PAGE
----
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Marlins address greatest weakness with Jonathan Villar trade

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The Marlins will be much improved in the baserunning department if Villar comes close to replicating his 2019 season.

Photo by Will Newton/Getty Images

The 2019 Miami Marlins had numerous issues with their on-field performance. Thankfully this offseason, they’ve been taking steps to address them. Pounding too many balls into the ground? Let’s add renowned hitting instructor James Rowson to the major league coaching staff. Deep flies keep dying on the Marlins Park warning track? Not anymore!

Next week at the MLB Winter Meetings, the front office will have its sights set on competent relievers. Talent upgrades have already arrived on the position player side in the form of Jesús Aguilar and Jonathan Villar.

Villar, in particular, is an exciting addition because of his defensive versatility and the increased pop he demonstrated with the Orioles last season.

But most importantly, the 28-year-old switch-hitter understands how to run the bases efficiently. From spring training onward, his new teammates ought to be taking notes.

Based on FanGraphs’ accounting, Villar may have been the most valuable baserunner in the majors in 2019. He generated a league-high 10.5 BsR—signifying 10.5 runs above average—with his legs thanks to stealing bases while avoiding double plays and other potential outs. He ranked first by a wide margin, too.

2019 MLB BsR Leaders (qualified batters)

Name Team(s) BsR
Name Team(s) BsR
Jonathan Villar Orioles 10.5
Mallex Smith Mariners 8.5
Christian Yelich Brewers 8.5
Ronald Acuña Jr. Braves 8.1
Mike Trout Angels 7.1
Kolten Wong Cardinals 7.1
José Ramírez Indians 6.7
Trea Turner Nationals 6.5
FanGraphs

(Interestingly, Dee Gordon had a near-identical 10.2 BsR in 2014, which was the season before the Marlins acquired him from the Dodgers.)

On the polar opposite end of the spectrum, we have the Marlins. Anybody who watched their games consistently would be able to guess that, yes, their 2019 team BsR was in the negative (below MLB average). The total was minus-23.9, to be precise. Keep in mind that this is a cumulative stat—the more times players reach base safely, the more baserunning opportunities they have. However, Miami’s hyper-aggressive, not-so-talented offense combined for a measly .298 on-base percentage.

It barely seems possible to plunge that far below zero under those circumstances. Indeed, this was unprecedented.

The 2019 Marlins posted the worst Base Running value in MLB history for a team that had a sub-.300 OBP.

Starlin Castro (-4.2 BsR) was one of the team’s biggest liabilities on the bases.
Fish Stripes original GIF

Before going any further, let’s get one thing straight: the Marlins’ baserunning would’ve improved in 2020 with or without Villar. Jon Berti thrived during his rookie campaign (6.4 BsR in 73 G) and could possibly crack the Opening Day roster this time around. Outfield prospect Monte Harrison has the instincts and athleticism to be practically unstoppable in this aspect of the game; he’s due for a call-up by June (at the absolute latest). Magneuris Sierra may be the speediest of the bunch and he doesn’t have any minor league options remaining. There will also be addition by subtraction now that slow-footed Starlin Castro, Martín Prado and Neil Walker have departed as free agents.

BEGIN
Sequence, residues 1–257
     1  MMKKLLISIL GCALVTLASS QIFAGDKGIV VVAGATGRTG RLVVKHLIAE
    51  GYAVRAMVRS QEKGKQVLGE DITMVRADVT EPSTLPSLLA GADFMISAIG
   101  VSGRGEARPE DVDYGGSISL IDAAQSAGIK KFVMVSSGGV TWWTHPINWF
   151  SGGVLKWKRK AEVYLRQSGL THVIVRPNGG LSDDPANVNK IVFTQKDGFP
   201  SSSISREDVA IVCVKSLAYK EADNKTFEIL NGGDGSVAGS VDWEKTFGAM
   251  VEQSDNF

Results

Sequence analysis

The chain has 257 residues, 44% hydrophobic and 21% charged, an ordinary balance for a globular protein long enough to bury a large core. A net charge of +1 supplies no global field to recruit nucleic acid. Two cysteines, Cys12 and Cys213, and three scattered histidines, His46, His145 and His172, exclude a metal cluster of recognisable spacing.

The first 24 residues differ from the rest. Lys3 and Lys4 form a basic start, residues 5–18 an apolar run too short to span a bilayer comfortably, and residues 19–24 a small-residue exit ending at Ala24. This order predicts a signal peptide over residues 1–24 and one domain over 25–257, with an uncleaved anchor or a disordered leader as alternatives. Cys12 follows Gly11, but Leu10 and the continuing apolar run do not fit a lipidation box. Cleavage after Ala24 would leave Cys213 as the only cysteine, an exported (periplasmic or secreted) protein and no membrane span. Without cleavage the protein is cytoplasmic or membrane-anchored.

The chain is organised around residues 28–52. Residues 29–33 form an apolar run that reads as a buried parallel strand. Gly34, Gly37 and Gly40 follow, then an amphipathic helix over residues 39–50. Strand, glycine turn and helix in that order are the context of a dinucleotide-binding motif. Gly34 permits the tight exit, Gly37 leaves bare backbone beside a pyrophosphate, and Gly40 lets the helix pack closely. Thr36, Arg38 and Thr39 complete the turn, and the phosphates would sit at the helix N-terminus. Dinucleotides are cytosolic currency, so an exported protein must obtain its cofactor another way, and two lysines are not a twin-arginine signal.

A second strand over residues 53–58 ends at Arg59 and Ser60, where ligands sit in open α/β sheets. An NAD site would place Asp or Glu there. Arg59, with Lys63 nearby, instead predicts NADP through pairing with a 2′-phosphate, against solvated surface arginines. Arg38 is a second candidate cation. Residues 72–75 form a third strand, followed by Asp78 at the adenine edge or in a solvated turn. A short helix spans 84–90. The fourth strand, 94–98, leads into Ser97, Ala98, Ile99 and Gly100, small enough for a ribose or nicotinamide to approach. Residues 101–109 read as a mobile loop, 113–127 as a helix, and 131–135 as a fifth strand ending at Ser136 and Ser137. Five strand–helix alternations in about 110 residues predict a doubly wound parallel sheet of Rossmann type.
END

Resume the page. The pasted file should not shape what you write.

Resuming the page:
All that being said, Villar can make a substantial individual impact.

Check this out:

  • Since 2016 (the beginning of the Don Mattingly era), the Marlins have stolen third base 30 times and never stolen home
  • Since 2016, Jonathan Villar all by himself has stolen third base 32 times and stolen home once

The phrase “scoring position” has lost some of its luster in this era of frequent strikeouts. At the very least, the coaching staff should be giving Villar the green light he’s been getting in previous years to swipe third when conditions are favorable. Perhaps Villar’s track record can convince Mattingly and the Marlins to scrap their conservative stance altogether, empowering the other aforementioned burners to try for an extra 90 feet.

What about running when the ball is in play? Baseball-Reference shows Extra Bases Taken Percentage, the “percentage of times the runner advanced more than one base on a single or more than two bases on a double, when possible.” Last season, Villar posted a 61 XBT%, tied for 8th among qualified MLB batters. The Marlins were at 36 XBT%. The league as a whole was at 41 XBT%.

Having made it this far, you may be surprised to learn that Villar is not actually that fast. According to Sprint Speed by Statcast, he has floated between 27.6 and 28.0 feet per second since tracking began in 2015. By middle infielder standards (he has spent the vast majority of his career as a second baseman/shortstop), that’s almost precisely league average.

But what Villar lacks as a max-effort runner, he compensates for with acceleration. Combine that with his switch-hitting—he takes most of his plate appearances as a left-handed batter—and you can see that he still gets down the first-base line in a hurry. Villar and Harold Ramirez were tied with 26 infield hits in 2019 despite Ramirez’s superior sprinting, and Villar’s .307 batting average on grounders was among MLB’s best despite middle-of-the-pack quality of contact.

Assuming that Villar keeps his legs healthy (he’s never been on the MLB injured list with a lower-body injury before) and stays motivated in a non-contending environment, he possesses a skill set that should make the Marlins significantly better and more entertaining in 2020.